Differences between Colombia, Peru, Mexico and Chile, the four countries comprising the Pacific Alliance, have resulted in failed trade negotiations, reported newspaper Portafolio on Tuesday.
The Pacific Alliance is a trade block of Latin American countries on the Pacific coast, aiming to strengthen economic integration in the region and boast trade with Asia.
However, according to Portafolio, the differences between the four nations regarding issues of agriculture and financial services led to a breakdown of talks in Cartagena on July 30.
In an earlier meeting, the instruction given by the President’s of Peru, Colombia, Chile and Mexico was for their respective ministers to complete trade negotiations for the Pacific Alliance prior to June 30. This deadline has long passed.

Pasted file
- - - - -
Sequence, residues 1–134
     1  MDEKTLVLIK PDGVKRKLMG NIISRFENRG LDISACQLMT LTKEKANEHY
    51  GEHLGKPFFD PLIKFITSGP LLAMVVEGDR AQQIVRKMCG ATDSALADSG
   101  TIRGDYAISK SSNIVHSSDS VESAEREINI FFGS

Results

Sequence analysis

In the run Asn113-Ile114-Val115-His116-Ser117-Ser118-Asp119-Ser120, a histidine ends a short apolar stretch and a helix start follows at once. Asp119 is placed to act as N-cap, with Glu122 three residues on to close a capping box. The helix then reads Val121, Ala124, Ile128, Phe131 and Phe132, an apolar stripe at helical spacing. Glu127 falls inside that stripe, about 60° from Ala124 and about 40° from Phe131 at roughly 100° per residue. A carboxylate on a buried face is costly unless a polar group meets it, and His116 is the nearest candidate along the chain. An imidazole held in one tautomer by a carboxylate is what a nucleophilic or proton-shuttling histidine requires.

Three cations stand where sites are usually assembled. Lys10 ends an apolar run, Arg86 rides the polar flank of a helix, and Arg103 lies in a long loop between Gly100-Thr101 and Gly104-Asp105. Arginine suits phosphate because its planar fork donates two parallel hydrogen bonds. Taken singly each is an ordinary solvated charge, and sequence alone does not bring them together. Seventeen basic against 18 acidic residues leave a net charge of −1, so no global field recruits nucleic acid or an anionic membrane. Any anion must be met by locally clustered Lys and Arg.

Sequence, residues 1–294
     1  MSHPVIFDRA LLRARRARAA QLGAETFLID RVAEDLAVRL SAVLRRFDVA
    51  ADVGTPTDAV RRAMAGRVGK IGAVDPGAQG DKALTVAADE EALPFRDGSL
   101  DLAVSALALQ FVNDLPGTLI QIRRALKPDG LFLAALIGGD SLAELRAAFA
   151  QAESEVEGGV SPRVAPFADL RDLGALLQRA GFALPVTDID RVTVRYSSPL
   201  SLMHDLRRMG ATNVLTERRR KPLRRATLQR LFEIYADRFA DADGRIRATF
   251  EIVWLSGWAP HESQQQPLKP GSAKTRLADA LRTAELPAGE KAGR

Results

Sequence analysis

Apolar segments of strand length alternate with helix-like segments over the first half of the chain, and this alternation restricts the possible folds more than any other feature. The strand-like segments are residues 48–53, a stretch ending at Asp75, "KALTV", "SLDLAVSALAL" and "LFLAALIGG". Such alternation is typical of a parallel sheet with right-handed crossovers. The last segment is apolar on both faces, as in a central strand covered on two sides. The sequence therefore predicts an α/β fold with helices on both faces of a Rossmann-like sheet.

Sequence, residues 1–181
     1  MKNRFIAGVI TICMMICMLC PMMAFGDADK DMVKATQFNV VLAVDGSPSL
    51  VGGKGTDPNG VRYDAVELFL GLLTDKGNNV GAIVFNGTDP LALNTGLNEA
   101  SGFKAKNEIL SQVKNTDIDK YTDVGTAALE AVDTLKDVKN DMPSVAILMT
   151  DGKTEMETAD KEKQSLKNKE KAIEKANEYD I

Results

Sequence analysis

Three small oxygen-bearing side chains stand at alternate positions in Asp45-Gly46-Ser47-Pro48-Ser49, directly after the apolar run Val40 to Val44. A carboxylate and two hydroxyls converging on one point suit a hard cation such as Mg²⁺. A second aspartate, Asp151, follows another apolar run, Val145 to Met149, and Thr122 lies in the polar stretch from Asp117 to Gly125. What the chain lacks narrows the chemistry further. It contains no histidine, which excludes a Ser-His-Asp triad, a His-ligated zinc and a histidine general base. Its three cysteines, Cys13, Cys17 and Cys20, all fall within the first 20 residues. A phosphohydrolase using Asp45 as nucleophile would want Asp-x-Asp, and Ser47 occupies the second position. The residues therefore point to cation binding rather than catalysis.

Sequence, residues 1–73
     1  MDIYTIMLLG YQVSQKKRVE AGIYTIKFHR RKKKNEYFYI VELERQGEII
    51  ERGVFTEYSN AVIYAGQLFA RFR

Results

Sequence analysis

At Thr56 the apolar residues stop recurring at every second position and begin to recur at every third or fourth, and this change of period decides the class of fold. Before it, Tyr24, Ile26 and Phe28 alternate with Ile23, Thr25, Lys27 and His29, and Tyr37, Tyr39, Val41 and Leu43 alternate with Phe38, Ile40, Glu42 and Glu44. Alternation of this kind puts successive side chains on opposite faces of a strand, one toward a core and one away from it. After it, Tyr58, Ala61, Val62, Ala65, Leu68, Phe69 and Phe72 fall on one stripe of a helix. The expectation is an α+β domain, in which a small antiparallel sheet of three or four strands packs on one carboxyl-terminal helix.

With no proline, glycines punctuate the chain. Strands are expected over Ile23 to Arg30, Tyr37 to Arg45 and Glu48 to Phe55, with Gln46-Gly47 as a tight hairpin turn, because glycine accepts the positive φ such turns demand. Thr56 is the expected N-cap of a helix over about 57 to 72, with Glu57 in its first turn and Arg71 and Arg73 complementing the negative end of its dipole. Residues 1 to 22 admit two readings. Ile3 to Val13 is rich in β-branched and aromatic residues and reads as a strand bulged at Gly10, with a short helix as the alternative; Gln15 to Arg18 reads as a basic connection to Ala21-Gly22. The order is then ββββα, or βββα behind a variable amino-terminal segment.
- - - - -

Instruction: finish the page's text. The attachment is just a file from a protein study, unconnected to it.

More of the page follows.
According to Portafolio, it is the differences in the approaches of the deputy ministers of the four countries that is the issue.
In the case of Colombia, there are big differences with Mexico. These differences are related to the tariff reduction of 300 agricultural subheadings that the Mexican government does not accept.
The government’s of the four nations have agreed to a meeting in New York in September in an effort to complete trade negotiations.
Deputy Minister of Foreign Trade in Colombia, Gabriel Duque explained to Portafolio why he is optimistic about the possibility of an agreement at the September meeting, despite negotiations failing thus far.
“Of course we had the expectation of closing trade negotiations on the date indicated by the Presidents, but it was impossible.”
“We moved substantially but there remain outstanding issues. We are achieving a balance that works for us all,” explained Duque.
The deputy minister indicated that an agreement is close.
“We will soon be there, but we do not want to sacrifice time for quality” added Duque.
- Se complica el cierre de la Alianza del Pacífico (Portafolio)